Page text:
We chatted in the car about this unique and vast landscape. Shared a little about what we each chose to capture. How do you describe this area? Perhaps a moonscape, if there were trees on the moon. We walked down a wash looking for beauty. There were some trees that had not yet lost their autumn leaves. The color of the stone and the fallen autumn leaves were indistinguishable in places. Here is a sampling of the images from Day 3.
Day 4, Kolob Terrace Road
Field work was in the Kolob Canyons which is located in the northwest corner of the park. Take Interstate 15 and exit 40 which is 40 miles north of Zion Canyon. This area is much less travelled than our previous excursions. Be aware that private ranches are also part of the neighborhood. Signs are posted!
The narrow parallel box canyons of Kolob Canyons form at the western edge of the Colorado Plateau, with majestic peaks and 2,000 foot red Navajo sandstone cliff walls. We focused on desert sage fields in a forest of dead juniper trees. We speculated as to the source of their demise . Was it fire? Was it insects? We didn't know.
The challenge was to find inspiration.
I found inspiration in: backlit cactus in the midst of the layered rocks, a single white aspen hiding in black basalt, aspen groves, layered hills, and a cattle guard on the road.
Here is a sample of Day 4.
The assignment was to select, share and discuss 3 photos with the group. Only 3, from 4 days of shooting at one of the world's most beautiful locations. For me, this meant reviewing 1,000 photos and choosing only 3. This is challenging. But it is a necessary workshop component. The selection process is often difficult for photographers. Separating the great from the good requires a critical eye and patience.
My 3 photos represented the diversity of Zion. And each accented a different feeling or a different type of photography.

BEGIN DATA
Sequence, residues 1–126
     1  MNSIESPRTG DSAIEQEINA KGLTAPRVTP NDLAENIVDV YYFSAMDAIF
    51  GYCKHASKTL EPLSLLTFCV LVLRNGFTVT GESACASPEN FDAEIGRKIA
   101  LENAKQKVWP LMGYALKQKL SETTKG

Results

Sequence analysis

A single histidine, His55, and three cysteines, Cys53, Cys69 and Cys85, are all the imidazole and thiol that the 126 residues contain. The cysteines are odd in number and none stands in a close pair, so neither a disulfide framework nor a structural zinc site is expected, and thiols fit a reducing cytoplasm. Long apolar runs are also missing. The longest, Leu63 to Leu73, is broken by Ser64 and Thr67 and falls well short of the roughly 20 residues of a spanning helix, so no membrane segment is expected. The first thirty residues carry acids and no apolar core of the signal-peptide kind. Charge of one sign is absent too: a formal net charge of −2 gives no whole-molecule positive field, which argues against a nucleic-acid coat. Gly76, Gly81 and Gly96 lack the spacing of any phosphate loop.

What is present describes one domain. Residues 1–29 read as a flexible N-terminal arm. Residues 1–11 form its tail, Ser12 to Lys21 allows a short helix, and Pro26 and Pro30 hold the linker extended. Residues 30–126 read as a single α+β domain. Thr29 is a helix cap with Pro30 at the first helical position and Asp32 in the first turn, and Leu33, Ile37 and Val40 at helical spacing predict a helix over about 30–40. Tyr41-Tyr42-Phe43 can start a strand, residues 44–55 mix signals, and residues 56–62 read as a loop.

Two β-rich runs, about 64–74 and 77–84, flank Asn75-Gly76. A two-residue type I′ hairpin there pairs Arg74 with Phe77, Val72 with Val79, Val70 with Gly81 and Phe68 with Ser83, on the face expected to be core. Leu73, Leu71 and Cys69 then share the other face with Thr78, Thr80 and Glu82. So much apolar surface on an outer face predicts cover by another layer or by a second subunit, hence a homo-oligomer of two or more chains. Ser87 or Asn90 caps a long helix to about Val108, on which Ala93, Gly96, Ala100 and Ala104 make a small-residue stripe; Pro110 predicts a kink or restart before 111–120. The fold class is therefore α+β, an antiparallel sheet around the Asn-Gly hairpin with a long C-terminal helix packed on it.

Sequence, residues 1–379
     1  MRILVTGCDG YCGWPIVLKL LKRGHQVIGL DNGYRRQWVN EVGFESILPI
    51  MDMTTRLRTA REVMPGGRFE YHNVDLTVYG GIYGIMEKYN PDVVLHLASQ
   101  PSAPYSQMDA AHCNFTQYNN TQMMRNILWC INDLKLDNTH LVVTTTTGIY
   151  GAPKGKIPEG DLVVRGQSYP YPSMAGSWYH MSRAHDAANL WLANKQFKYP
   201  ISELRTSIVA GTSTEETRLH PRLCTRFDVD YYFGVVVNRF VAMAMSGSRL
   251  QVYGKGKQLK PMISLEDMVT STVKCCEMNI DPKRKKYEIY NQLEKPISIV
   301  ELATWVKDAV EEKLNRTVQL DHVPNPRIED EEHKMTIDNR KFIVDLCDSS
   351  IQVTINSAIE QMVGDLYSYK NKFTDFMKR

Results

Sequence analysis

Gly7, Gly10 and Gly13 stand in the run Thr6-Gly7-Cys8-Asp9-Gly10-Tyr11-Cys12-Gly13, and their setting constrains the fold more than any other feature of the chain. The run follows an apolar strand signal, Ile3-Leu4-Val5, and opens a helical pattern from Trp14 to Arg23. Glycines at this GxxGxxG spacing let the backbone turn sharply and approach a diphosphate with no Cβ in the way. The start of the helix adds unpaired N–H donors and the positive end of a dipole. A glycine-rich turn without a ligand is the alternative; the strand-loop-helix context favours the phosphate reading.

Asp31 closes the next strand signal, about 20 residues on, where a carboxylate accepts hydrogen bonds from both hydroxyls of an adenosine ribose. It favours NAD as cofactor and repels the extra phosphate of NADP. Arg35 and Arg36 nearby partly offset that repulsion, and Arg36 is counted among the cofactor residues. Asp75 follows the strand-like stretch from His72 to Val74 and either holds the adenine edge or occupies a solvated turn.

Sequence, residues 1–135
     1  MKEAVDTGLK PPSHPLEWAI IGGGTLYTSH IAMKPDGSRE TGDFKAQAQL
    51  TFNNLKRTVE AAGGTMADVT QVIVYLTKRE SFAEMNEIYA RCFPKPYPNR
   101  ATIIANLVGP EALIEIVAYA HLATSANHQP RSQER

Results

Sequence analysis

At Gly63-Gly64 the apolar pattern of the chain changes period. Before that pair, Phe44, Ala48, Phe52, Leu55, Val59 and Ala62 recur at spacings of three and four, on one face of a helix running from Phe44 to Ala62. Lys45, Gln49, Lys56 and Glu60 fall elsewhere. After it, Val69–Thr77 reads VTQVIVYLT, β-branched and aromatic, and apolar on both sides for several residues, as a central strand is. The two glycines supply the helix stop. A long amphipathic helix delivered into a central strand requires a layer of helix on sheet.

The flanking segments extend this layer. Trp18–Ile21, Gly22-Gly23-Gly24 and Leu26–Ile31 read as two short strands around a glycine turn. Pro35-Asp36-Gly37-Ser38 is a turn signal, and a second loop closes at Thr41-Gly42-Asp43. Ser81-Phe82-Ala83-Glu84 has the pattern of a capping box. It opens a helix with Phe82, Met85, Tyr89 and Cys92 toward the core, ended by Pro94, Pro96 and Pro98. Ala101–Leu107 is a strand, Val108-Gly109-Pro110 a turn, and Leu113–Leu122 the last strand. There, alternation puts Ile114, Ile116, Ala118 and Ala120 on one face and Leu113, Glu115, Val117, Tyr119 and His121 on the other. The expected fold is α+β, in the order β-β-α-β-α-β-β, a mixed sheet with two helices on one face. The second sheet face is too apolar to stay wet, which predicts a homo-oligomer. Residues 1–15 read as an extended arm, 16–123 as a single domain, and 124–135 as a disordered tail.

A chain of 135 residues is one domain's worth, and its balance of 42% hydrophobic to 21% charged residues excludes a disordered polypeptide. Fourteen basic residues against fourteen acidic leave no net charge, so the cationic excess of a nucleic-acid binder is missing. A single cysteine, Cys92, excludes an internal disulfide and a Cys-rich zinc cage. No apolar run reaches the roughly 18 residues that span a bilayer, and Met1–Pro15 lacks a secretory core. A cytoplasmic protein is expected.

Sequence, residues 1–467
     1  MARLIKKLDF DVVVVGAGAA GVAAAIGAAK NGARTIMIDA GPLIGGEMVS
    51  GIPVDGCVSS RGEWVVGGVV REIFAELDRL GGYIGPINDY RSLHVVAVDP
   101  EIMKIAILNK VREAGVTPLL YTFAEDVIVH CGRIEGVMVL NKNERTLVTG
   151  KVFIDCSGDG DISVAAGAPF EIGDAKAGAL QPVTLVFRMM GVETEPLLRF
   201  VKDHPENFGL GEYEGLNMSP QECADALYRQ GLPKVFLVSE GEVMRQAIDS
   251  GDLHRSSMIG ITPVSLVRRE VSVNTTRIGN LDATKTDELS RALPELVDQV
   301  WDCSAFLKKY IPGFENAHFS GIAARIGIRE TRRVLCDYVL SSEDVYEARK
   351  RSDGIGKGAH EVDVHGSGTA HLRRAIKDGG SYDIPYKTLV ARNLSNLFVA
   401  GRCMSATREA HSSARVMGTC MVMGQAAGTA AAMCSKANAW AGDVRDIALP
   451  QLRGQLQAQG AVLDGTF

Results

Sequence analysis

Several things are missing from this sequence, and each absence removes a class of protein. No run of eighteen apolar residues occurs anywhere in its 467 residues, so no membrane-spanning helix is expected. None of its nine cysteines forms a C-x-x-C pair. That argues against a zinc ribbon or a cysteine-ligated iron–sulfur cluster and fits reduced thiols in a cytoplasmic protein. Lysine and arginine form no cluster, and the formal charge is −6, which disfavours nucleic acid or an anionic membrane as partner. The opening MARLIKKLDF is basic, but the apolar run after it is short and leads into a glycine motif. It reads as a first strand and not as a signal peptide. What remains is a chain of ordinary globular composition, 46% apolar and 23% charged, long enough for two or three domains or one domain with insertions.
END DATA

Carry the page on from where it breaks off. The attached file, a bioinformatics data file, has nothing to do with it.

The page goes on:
I lead off with the photo at the top of this article. This photo more than any other represents "Zion" to me. The huge brilliant cliffs that dwarf the colorful trees on the canyon floor. The critique was encouraging and helpful. The well framed colors reflect what we remembered of that morning. Then we discussed if I could I have improved the photo. Perhaps moving up the hill to change the foreground?
My second photo choice was an attempt to apply something I learned during the workshop since including strangers in my photos is out of my comfort zone. I applied what I learned from our discussion the first night - a young this girl playing on the rocks at the entry to the Narrows. I was struck by the colorful clothing set amongst the vibrant sandstone cliff walls. I also found inspiration in the contrast of the immense canyon and a small child. Lastly, her playful attention applied to walking on the rocks in the river reminded me of my childhood.
Feedback was useful and positive. The group liked the framing, timing and composition. They asked how many photos I took of her. Only 3 because the moment was fleeting. I saw what might happen as she walked to the edge and I was ready. I waited for her light step to convey a feeling of action. We discussed if this was really a "landscape" photo since this class was for landscape photography. The consensus was yes, this was a landscape photo that happened to include a girl that made the photo more interesting.
My third and final photo was an abstract. Walking along Zion's surreal landscape, I was overwhelmed by it's unnatural and disorienting beauty. My intention was to capture the feeling of disorientation. I chose this photo because the direction and orientation of the stone seems to change the more you stare at it. What is curving up versus and what is curving down is fluid.
3 final photos
The critique was instructive. The others had seen these same forms and tried to capture this type of effect. But they thought this image really captured it well. One suggestion I found helpful was to pay attention to the borders of the image. The question was asked if the little piece of vegetation creeping in to the image at the upper right enhances or detracts from the impression I was hoping to create. I decided it would be a better image without.
Rick's Closing Perspective
I came to the Leica Akademie not knowing what to expect but was hoping to improve my craft and share full days photographing natural beauty with new friends. All my hopes were exceeded.
What did I learn? Photography is like life.
A great photo tells a story about a subject and context. Which is to say, photography is about framing and perspective. Ansel Adams said, "A good photograph is knowing where to stand." By simply moving the camera a little to the left or right, or forward or backward, you modify the perspective. Choosing a 24mm or a 90mm lens changes the framing. A photographer makes simple choices. When these choices coalesce, the result is magical.
At the Photographer's discretion
- Where you stand
- Direction of the camera